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FDA Proposes Modernization of Mammography Services

A woman receiving a mammogram.

The FDA has proposed regulatory amendments to improve the quality of breast cancer screening by expanding the information provided to patients and physicians, modernizing standards for mammograms, and enabling better enforcement of safety and quality regulations.

"Breast cancer is one of the most worrisome health concerns facing women. The FDA plays a unique and meaningful role in the delivery of quality mammography to help patients get accurate screening to identify breast health problems early, when they can be effectively addressed," commented Scott Gottlieb, MD, Commissioner of the FDA.

The proposal seeks to amend regulations issued under the Mammography Quality Standards Act (MQSA). Passed by Congress in 1992, the MQSA authorizes FDA oversight of mammography facilities and allows for annual inspections and enforcement of standards. No changes have been made to the regulation of mammography facilities in over 20 years.

One of the proposed amendments is the addition of breast density information on the mammography summary letter provided to the patient and on the medical report provided to the patient's referring health care professional. Dense breasts, which contain a higher proportion of fibroglandular tissue compared with fatty tissue, have been identified as a risk factor for breast cancer. Because dense tissue hides signs of cancer and decreases the image's sensitivity, mammograms of dense breasts can be challenging to interpret. The proposal includes specific language explaining how breast density can influence mammography's accuracy and recommending that patients talk with their health care provider about what high breast density means for their cancer risk.

"Given that more than half of women over the age of 40 in the US have dense breasts, helping to ensure patient access to information about the impact that breast density and other factors can have on the risk for developing breast cancer is an important part of a comprehensive breast health strategy," stated Amy Abernethy, MD, PhD, Principal Deputy Commissioner of the FDA. "We believe the proposed rule would help empower patients and health care professionals by proposing improvements to the information facilities communicate to them, helping to facilitate the sometimes difficult conversations about potential risks for breast cancer."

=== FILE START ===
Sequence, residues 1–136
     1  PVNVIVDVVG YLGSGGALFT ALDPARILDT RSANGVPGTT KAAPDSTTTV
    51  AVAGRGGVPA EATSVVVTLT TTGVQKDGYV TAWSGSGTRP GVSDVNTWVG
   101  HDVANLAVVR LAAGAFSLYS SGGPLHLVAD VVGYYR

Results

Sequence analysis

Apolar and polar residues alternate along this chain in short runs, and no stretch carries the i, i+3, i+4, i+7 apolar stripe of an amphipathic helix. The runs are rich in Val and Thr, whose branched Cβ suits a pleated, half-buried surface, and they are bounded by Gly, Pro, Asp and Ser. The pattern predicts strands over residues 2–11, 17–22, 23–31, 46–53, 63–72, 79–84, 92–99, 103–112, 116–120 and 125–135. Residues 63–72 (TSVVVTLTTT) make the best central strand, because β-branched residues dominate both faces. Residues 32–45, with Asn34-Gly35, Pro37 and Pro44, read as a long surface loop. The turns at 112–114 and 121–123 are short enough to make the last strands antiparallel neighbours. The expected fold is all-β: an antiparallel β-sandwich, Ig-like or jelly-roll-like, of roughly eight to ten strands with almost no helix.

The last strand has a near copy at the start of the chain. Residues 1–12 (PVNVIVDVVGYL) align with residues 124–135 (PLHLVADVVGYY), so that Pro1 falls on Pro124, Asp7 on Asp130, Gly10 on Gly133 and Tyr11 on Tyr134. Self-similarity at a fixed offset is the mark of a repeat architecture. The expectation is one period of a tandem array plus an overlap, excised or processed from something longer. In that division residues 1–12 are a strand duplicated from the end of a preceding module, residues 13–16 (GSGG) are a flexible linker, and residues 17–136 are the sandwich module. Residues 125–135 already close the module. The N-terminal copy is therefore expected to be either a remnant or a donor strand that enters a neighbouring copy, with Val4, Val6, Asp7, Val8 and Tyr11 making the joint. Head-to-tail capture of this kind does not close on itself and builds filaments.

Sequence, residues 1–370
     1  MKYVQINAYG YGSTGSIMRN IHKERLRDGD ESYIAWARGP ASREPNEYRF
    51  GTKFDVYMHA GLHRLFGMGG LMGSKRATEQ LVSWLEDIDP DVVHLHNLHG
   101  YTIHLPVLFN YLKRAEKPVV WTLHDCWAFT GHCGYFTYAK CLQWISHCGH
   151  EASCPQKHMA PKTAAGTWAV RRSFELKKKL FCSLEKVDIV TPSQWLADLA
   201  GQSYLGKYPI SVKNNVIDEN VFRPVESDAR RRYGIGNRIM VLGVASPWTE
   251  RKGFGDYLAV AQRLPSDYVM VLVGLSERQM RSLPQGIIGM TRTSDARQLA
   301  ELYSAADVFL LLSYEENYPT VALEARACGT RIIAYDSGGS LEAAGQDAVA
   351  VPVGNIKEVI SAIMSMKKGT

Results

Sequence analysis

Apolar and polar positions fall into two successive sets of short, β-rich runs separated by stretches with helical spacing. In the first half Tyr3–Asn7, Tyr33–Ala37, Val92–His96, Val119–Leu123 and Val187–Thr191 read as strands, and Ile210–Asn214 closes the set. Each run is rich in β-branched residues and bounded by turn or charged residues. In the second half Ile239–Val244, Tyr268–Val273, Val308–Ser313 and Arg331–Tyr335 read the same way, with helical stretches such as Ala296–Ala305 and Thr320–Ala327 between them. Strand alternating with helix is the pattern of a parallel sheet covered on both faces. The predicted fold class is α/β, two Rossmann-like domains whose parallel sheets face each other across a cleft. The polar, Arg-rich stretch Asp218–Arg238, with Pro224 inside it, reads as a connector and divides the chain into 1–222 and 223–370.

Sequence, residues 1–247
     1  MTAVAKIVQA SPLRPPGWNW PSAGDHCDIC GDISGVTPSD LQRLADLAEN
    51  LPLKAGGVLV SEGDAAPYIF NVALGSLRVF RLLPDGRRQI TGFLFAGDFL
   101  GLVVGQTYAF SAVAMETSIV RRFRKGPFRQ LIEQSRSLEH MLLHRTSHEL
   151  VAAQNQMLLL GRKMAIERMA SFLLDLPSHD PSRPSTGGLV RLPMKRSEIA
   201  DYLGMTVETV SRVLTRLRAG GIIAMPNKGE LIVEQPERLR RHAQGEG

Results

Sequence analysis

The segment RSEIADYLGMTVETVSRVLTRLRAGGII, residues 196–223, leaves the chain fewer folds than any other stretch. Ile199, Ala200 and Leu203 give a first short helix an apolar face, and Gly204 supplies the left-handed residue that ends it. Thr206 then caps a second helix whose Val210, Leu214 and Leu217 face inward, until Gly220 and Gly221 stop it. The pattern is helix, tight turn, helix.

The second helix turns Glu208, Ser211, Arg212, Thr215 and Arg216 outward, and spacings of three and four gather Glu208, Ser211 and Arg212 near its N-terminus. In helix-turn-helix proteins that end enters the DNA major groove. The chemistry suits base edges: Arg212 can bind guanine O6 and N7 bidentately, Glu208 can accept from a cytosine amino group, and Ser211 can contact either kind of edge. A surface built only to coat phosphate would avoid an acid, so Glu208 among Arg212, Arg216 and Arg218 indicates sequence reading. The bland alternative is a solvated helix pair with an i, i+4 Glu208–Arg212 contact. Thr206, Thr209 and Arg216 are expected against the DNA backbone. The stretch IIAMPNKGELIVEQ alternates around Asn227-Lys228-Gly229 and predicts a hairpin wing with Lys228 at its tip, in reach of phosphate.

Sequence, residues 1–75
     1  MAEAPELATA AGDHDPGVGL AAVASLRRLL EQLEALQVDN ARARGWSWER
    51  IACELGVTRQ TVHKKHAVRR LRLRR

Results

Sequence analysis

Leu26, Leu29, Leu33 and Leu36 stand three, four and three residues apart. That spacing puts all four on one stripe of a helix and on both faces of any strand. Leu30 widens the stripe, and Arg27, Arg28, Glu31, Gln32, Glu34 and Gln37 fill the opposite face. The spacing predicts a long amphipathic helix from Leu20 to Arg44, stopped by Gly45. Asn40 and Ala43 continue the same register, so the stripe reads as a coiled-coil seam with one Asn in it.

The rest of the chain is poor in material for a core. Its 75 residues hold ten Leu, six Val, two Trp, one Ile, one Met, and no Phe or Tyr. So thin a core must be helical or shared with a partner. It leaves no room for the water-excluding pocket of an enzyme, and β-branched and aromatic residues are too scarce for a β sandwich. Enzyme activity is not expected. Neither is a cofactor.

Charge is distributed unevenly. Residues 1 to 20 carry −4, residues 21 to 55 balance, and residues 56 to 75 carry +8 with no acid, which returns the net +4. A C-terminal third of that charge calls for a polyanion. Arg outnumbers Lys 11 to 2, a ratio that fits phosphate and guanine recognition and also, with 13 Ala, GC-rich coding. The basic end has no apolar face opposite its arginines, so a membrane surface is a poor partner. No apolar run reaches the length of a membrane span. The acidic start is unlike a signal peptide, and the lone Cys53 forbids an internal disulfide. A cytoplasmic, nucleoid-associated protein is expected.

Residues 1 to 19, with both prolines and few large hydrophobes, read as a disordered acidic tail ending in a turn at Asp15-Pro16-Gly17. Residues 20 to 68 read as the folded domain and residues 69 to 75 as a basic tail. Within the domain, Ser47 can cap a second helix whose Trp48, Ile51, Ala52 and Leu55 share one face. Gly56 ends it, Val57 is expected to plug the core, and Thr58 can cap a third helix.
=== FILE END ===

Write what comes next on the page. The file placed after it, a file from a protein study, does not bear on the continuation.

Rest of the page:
Several additional proposed changes seek to improve record keeping and communications about mammography results. The new regulations would codify three additional categories for the assessment of mammograms, including a category titled "known biopsy proven malignancy." To enhance post-examination communications, the proposal would require that reports to health care professionals and lay summary letters to patients contain more detailed identifying information about the mammography facility. Furthermore, the proposal would strengthen record keeping requirements in order to prevent loss of information and improve access to and transfer of patients' mammography records.

In addition, the proposal would modernize mammography quality standards, requiring that facilities only use digital accessory components that are FDA approved or cleared for mammography, or those that otherwise meet the regulations' requirements.

The proposal would position the FDA to better enforce MQSA regulations and hold mammography facilities accountable for violations. The amendments state that if a mammography facility is unwilling to do so, the FDA could notify patients and health care providers directly that a mammography did not meet quality standards.

According to Jeff Shuren, MD, JD, Director of the FDA's Center for Devices and Radiological Health, these amendments are "intended to help ensure important information that could affect decisions about patient care—such as the potential need for further evaluation or a repeat of a mammogram—is communicated as quickly as possible."

Dr. Gottlieb emphasized the importance of the amendments: "Today's proposed rule would help to ensure patients continue to benefit from advances in new tools and robust oversight of this field."

For More Information

The proposed amendments are available online for public comment until June 26, 2019: Mammography Quality Standards Act

​Image credit: Rhoda Baer, National Cancer Institute

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